At least 35 dead after cars plunge off collapsed bridge in Italy: Officials
Photos showed the span fell away.
A section of a towering highway bridge collapsed in Italy Tuesday, sending vehicles plunging nearly 300 feet to the ground and killing at least 35 people, officials said.
The collapse of the Morandi Bridge in Genoa occurred around midday during strong storms moving through the area of northwest Italy, according to authorities.
At least 30 vehicles were on the bridge in a port section of the city when the span gave way, Amalia Tedeschi, a firefighter, told the Italian news agency ANSA. Several people were pulled from the rubble alive and taken to a hospital by helicopter, Tedeschi added.
Construction involving a crane was occurring on the bridge at the time of the collapse, but it was too early to pinpoint what caused the span to fail, Italian authorities said.
At least 35 people were killed, including a child, according to the city of Genoa's civil protection office. Another 16 people were injured -- 12 of them critically -- in the catastrophe, the Interior Ministry said early Wednesday. Five of those who were killed have yet to be identified.
All the casualties appeared to have been in vehicles that plummeted from the bridge, Angelo Borelli, head of Italy's civil protection agency, said during a news conference. He added that the bridge fell on two warehouses but no one is believed to have been inside them because they were closed for the summer holiday.
Borelli said 30 to 35 vehicles, including three heavy trucks, were on the bridge at the time of the collapse.
Italian Prime Minister Giuseppe Conte described the collapse as "an immense tragedy" after he toured the disaster site.
"It is shocking to see the twisted metal and the bridge collapsed with victims who were extracted," Conte told RAI state TV after flying over the collapsed bridge and visiting survivors at a hospital.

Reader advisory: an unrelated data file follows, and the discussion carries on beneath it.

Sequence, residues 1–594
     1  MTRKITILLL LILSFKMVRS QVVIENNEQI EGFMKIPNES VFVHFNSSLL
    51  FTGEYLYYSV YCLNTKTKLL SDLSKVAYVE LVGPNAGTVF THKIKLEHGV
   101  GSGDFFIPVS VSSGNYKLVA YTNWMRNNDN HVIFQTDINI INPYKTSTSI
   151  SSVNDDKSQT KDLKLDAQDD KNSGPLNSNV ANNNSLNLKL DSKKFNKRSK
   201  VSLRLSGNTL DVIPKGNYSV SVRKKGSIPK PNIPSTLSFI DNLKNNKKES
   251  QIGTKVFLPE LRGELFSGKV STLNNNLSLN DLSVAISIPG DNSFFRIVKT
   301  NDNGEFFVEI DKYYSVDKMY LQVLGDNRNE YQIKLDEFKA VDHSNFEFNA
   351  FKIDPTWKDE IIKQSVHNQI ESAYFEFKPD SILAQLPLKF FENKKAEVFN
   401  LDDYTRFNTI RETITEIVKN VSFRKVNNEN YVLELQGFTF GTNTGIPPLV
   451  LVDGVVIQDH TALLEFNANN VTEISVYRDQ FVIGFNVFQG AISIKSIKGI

He said rescue workers managed to save several people who were in cars that fell nearly 150 feet "and are now alive and in the hospital."
Shortly after Conte spoke publicly about the disaster, Genoa's civil protection office raised the death toll, reporting that two more bodies had been extracted from the bridge rubble late Tuesday and that another victim died during surgery.
Several witnesses posted videos of the collapse on social media. In one video, someone can be heard screaming, "Oh, God" and a flash could be seen as the concrete structure crumbled.
Witness Alessandro Megna told RAI state radio that he had been stuck in a traffic jam under the bridge when the collapse occurred.
"Suddenly the bridge came down with everything it was carrying. It was really an apocalyptic scene. I couldn't believe my eyes," Megna said.
Another witness, Davide Ricci, told reporters at the scene that he was lucky to be alive.
"The debris from the collapse came to within 20 meters [about 20 yards] of my car," said Ricci, who saw the bridge go down while he was driving. "First the central pylon crumbled, then the whole thing came down."
The driver of a box truck slammed on his brakes as the bridge fell apart, stopping just before plummeting off the edge of the broken span, the general manager of the Basko supermarket chain for which he works told reporters.
Hours after the collapse, video showed the truck still perched just feet from where the bridge gave way.
The collapse happened on part of the viaduct on the A10 highway that crosses the Polcevera River, the country's national police, Polizia di Stato, said.
Witnesses said the bridge toppled after it was struck by lightning.
The A10 highway, the main route between northern Italy and France, was closed in both directions as search-and-rescue teams looked for survivors.
Italian Interior Minister Matteo Salvini said about 200 firefighters were on scene searching for survivors.
The Morandi Bridge, which opened in 1967, is about a half-mile long.
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